Optical/IP Networks

Alcatel, Lucent Throw in the Towel

Alcatel SA (NYSE: ALA; Paris: CGEP:PA) and Lucent Technologies Inc. (NYSE: LU) have called off talks that had the industry buzzing for the last two weeks (see Lucent/Alcatel Rumors Fly).

In a prepared statement issued this afternoon, the two companies admitted they'd been discussing a merger but talks had ended. They declined to comment further.

Few observers seem surprised. Indeed, many seem relieved. "How could anyone think this was a good idea?" an executive with one startup that competes with both companies said anonymously today. "Neither company acquires well. There's a lot of conflict, a lot of serious overlap in product lines that could keep them snarled for years."

Despite appearances that the deal may have collapsed under the sheer weight of the complications involved, it's not clear just what really ended the talks. According to the Wall Street Journal, Lucent executives were put off by a reported lack of equal representation in the management and board of the proposed company.

The paper said terms reached over the weekend called for Alcatel to pay roughly $23.5 billion in stock, in which "Lucent shareholders would receive a fixed exchange ratio of 0.2435 of an Alcatel share for each Lucent share."

Separately, Reuters news service reported that Alcatel intended to form a new company, incorporated in France but headquartered at Lucent's present head offices in Murray Hill, N.J., with Alcatel CEO Serge Tchuruk taking the helm, at least initially. Reuters had the deal pegged at $32 billion.

But problems amongst executives weren't the only downsides seen for the proposed merger, which was a nearly universal turnoff on Wall Street and Main Street alike. Here are the main reasons for its unpopularity:

  • No shareholder value: "There would be some dilution to Alcatel shareholders, who will now own about 58 percent of the combined company," says Lawrence Harris, VP at Josephthal & Co.. Further, it's almost certain there would have been no premium to Lucent shareholders. The value of Lucent's pending completion of the spinoff of Agere Systems (NYSE: AGR) is already reflected in Lucent's share price, Harris says.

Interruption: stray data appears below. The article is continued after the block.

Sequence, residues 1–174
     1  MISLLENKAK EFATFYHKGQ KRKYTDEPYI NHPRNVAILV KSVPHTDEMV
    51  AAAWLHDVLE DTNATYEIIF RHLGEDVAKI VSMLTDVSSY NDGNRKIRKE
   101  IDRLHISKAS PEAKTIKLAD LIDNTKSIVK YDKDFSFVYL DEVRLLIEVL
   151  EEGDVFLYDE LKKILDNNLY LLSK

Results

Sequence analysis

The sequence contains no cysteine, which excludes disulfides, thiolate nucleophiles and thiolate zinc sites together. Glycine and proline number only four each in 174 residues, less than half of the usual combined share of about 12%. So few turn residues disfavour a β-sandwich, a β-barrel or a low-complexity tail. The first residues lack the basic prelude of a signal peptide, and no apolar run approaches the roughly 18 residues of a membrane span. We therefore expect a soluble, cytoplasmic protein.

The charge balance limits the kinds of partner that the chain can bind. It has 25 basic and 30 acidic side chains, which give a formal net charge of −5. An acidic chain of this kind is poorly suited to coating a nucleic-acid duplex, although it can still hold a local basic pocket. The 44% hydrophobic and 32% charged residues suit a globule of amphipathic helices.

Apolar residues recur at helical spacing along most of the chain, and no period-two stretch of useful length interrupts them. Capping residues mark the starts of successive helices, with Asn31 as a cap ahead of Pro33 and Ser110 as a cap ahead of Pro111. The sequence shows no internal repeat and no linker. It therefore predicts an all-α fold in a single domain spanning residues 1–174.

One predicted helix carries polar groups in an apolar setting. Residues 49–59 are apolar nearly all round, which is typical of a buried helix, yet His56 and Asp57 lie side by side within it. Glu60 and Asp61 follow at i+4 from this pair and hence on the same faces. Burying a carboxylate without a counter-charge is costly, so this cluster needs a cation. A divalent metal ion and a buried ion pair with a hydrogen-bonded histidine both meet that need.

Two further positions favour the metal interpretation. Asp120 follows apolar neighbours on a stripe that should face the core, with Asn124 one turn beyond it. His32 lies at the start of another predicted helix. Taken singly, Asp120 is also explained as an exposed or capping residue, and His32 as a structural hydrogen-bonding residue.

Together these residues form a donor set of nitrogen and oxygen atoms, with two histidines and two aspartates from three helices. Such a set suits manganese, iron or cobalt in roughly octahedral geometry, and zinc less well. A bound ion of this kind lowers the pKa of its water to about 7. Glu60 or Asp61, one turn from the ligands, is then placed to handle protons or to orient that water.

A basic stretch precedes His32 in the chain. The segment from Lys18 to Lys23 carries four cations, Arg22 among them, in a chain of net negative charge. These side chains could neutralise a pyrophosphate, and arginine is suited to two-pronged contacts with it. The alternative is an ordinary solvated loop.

Not surprisingly, shareholders of both companies gave a "thumbs down" to the proposed merger. By end of day Tuesday, Alcatel's share price fell 0.70 (2.49%) to 27.41. Lucent's shares were trading at 8.32, down 1.08 (11.49%).

  • Lucent's financial problems: Lucent agreed to pay its bankers $2.5 billion from "non-operational sources" in order to complete the Agere spinoff. It's already raised $519 million through overallotment on the Agere IPO. Originally, Lucent hoped to raise the balance by selling its Optical Fiber Solutions Group, which was the instigation point for the latest round of merger talks with Alcatel. In the event of a merger, the credit terms would have been reworked or the money would have had to come from the merger settlement.

  • Technology, product, and human resources overlap: Sources were quoted as saying the deal could realize up to $4 billion in savings from the elimination of duplication in these areas between Alcatel and Lucent.

    But that could have hit the U.S. hardest, sources say. "There could be tens of thousands of jobs lost there, since it's the area where there's the greatest overlap between Alcatel and Lucent," said one European analyst, who requested anonymity. He figured that up to 80 percent of the cuts contributing to crossover savings would come from the U.S.

In all, termination of the Alcatel/Lucent merger seems to have raised many questions, not all of them complimentary to either firm. It seems to rankle that the talks went on so long without official acknolwedgement other than selective "leaks" to key publications; that the proposed merger threatened so many jobs and so many products; and that in the end it all came to nought, reportedly over executive infighting.

"Whether or not you thought this was a good or bad idea to merge the firms, it is interesting to think about what has (for the moment) killed the deal... What mattered was the ego of Lucent executives," wrote one contributor to Light Reading's message board.

It remains to be seen whether Lucent will continue to seek outside buyers, and if so, what form a merger will take. Stay tuned.

- Mary Jander, Senior Editor, Light Reading
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flanker 12/4/2012 | 8:21:38 PM
re: Alcatel, Lucent Throw in the Towel I said this didnt wouldnt fly last week.

1) FTC won't approve it.
2) Shareholder reaction is not necessarily relevant. Plenty of mergers have been consumated after the acquiror's shares declined.
3) Cost savings don't address the fact that fewer competitors means higher profit margins and less competition. This is the fundamental premise of anti-trust law. Cost savings may be important to share holders, they are not issues to regulators.

zher 12/4/2012 | 8:21:32 PM
re: Alcatel, Lucent Throw in the Towel This merge is realy a joke.
skeptic 12/4/2012 | 8:21:28 PM
re: Alcatel, Lucent Throw in the Towel